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Mar 7, 2017 3:36 PMPublication: The East Hampton Press

Ron Perelman's Attorneys Pitch Change Of Zoning At 'The Creeks' To Legalize Existing Buildings

The Creeks in 1919. COURTESY EAST HAMPTON LIBRARY, LONG ISLAND COLLECTION
Mar 7, 2017 4:07 PM

Billionaire Ronald Perelman’s representatives have asked East Hampton Village to upzone his massive estate on Georgica Pond, called “The Creeks.”

The change of zone would at the same time legalize homes and expansions that were added to the 57-acre property without building permits—some of which were discovered when firefighters responded to an emergency call in 2012.

Mr. Perelman purchased The Creeks in 1993 for $12.5 million from Ted Dragon, who had inherited it after the death of his partner, the artist Alfonso Ossorio, in 1992. The legendary Mediterranean villa was built in 1899 for the artist Albert Herter by Grosvenor Atterbury, who also designed the former Parrish Art Museum in Southampton Village.

The mansion and grounds at The Creeks, both of them graced with numerous sculptures and other artworks, over the years have hosted such luminaries as the artists Jackson Pollock, Lee Krasner, Mark Rothko and Grace Hartigan, among many others.

“The purpose of the filing is to resolve longstanding legacy zoning matters that primarily exist because of the unique nature and history of the property,” one of Mr. Perelman’s attorneys, Chris Kelley, said in a statement.

Mr. Kelley, who at the meeting was accompanied by attorneys Edward Burke and Edward Burke Jr., said later that there are several structures on the property that were either built or expanded without building permits, as well as sculptures, some of them installed by the previous owners, that did not have wetlands permits or variances.

Upzoning the property and legalizing those improvements could help protect Georgica Pond while also helping the property owner, which is technically called the Pond Acquisition Company, to avoid the necessity of subdividing the property or relocating at least some of the buildings. Mr. Kelley described them as a single-family residence with a swimming pool known as “the barn,” a potting shed expanded into a single-family house, a “carriage house” that had been a garage and security building to which bedrooms were added, and a maintenance headquarters used by the property’s groundskeeper to which bedrooms were also added.

The proposed zoning change—from roughly 4-acre residential lots to roughly 6-acre ones—would allow a total of no more than nine residences, as opposed to what Mr. Perelman’s representatives described as the potential for 13 single-family homes, while at the same time allowing him to keep the nonconforming buildings. According to Mr. Kelley, the upzoning would create a 31-percent decrease in the potential legal density of development, the lowest that exists in both East Hampton village and town.

“We want to preserve the flexibility of the property to build more in the future,” Mr. Kelley told the Village Board. “Mr. Perelman has eight children and 10 grandchildren and intends for the foreseeable future to keep the property as a family compound.”

Mr. Perelman has no plans to build any new structures on the property at the moment, according to Mr. Kelley, who said that current and future residences would have state-of-the-art denitrification septic systems approved by the Suffolk County Department of Health Services. He said there would also be an organic landscape maintenance plan that would have to be approved by the Village Planning Board, and that any future subdivision of the newly zoned property would leave half of the property undeveloped.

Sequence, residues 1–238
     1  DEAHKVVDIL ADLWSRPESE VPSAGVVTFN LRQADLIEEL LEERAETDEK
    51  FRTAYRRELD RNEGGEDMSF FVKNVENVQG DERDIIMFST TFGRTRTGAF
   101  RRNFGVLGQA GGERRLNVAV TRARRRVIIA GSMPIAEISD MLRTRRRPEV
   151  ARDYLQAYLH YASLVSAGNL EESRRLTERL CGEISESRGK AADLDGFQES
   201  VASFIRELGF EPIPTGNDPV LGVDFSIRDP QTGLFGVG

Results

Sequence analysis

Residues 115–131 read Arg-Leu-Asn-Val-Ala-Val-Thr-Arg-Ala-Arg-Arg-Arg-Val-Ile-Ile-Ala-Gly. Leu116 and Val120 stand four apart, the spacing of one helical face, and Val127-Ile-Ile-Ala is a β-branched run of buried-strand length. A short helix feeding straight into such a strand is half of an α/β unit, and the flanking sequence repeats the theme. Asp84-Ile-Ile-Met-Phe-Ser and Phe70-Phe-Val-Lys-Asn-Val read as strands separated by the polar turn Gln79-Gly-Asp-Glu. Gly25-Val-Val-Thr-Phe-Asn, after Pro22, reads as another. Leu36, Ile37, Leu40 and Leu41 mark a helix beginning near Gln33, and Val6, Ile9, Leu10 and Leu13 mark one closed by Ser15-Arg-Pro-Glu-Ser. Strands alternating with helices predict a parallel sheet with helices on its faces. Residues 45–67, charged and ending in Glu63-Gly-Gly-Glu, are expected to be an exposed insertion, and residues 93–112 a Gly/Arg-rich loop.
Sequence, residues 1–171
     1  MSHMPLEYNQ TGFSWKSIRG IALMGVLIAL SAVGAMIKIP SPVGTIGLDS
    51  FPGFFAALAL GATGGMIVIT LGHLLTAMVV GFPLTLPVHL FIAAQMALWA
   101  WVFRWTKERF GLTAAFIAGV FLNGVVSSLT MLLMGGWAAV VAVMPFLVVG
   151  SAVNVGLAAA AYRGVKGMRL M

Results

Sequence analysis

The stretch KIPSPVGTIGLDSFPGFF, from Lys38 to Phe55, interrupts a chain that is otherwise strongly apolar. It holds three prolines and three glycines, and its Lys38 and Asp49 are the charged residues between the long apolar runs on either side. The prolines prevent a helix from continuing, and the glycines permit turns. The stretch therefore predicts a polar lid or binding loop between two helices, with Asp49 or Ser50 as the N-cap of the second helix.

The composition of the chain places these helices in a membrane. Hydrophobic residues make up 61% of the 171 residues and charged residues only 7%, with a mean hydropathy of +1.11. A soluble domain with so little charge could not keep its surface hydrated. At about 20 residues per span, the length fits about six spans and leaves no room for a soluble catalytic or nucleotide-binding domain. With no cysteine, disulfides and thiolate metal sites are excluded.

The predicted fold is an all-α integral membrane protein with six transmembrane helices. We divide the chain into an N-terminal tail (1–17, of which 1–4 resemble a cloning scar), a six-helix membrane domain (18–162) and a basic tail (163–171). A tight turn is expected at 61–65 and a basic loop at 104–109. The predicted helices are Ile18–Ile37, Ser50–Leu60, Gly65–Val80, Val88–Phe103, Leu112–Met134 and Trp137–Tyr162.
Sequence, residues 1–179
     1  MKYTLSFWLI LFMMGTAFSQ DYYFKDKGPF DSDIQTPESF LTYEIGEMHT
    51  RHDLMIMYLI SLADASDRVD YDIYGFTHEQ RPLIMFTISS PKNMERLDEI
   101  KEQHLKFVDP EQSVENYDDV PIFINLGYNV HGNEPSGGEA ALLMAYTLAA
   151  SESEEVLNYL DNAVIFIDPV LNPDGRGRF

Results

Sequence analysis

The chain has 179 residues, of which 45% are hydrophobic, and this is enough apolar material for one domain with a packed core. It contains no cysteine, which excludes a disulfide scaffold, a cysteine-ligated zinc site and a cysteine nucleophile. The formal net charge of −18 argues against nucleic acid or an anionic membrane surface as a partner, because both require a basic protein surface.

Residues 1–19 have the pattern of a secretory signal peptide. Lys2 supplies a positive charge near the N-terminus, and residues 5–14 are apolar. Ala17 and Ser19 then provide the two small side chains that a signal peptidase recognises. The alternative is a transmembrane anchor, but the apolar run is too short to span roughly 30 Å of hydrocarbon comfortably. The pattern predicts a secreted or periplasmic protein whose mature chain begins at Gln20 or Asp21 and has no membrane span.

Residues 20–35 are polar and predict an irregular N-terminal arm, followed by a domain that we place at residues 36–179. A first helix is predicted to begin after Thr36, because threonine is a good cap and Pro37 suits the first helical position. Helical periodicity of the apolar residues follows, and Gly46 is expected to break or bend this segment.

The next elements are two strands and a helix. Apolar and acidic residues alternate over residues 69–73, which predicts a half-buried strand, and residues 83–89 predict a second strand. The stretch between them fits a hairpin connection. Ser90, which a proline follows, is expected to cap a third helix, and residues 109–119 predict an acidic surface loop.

In an interview later this week, Village Administrator Becky Molinaro said that the board was well aware of the violations the property has against it, specifically not only the unsanctioned construction but also a failure to demonstrate that three septic systems on the property had been approved by the Suffolk County Health Department. Mr. Kelley said this week that the systems were recently approved.

“The main concern is between the un-permitted septic system, the expansions of certain structures, and the creation of new structures on the property,” Ms. Molinaro said.

Mr. Perelman and village officials have met in East Hampton Town Justice Court about the violations as far back as 2012 and as recently as late last year, she said. They were first brought to village’s attention after volunteers were called to the property to extinguish a fire, she said. “When responding to that call, it was discovered that there were a number of structures on that property that did not have permits because the village was not aware of those structures being on the property.”

According to Ms. Molinaro, the Village Board is going over each element of the proposal and “digesting” the information.

“Things happen one of three ways: by omission, by commission or by intent,” Mayor Paul F. Rickenbach Jr. said near the end of the work session. “I think that’s why there’s so much skepticism amongst the Board of Trustees. We want to see the right thing happen at the end of the day—but I think there are so many obstacles that really have to spelled out and clearly defined.”

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No need for discussion, will be granted. $$$ will get it done...
By knitter (1898), Southampton on Mar 7, 17 4:50 PM
Wait for the attorney to refer to this dawdy ego trip as ''an important piece of real estate''.
By even flow (988), East Hampton on Mar 7, 17 5:19 PM
power tools, home improvements, building supplies, Eastern Long Island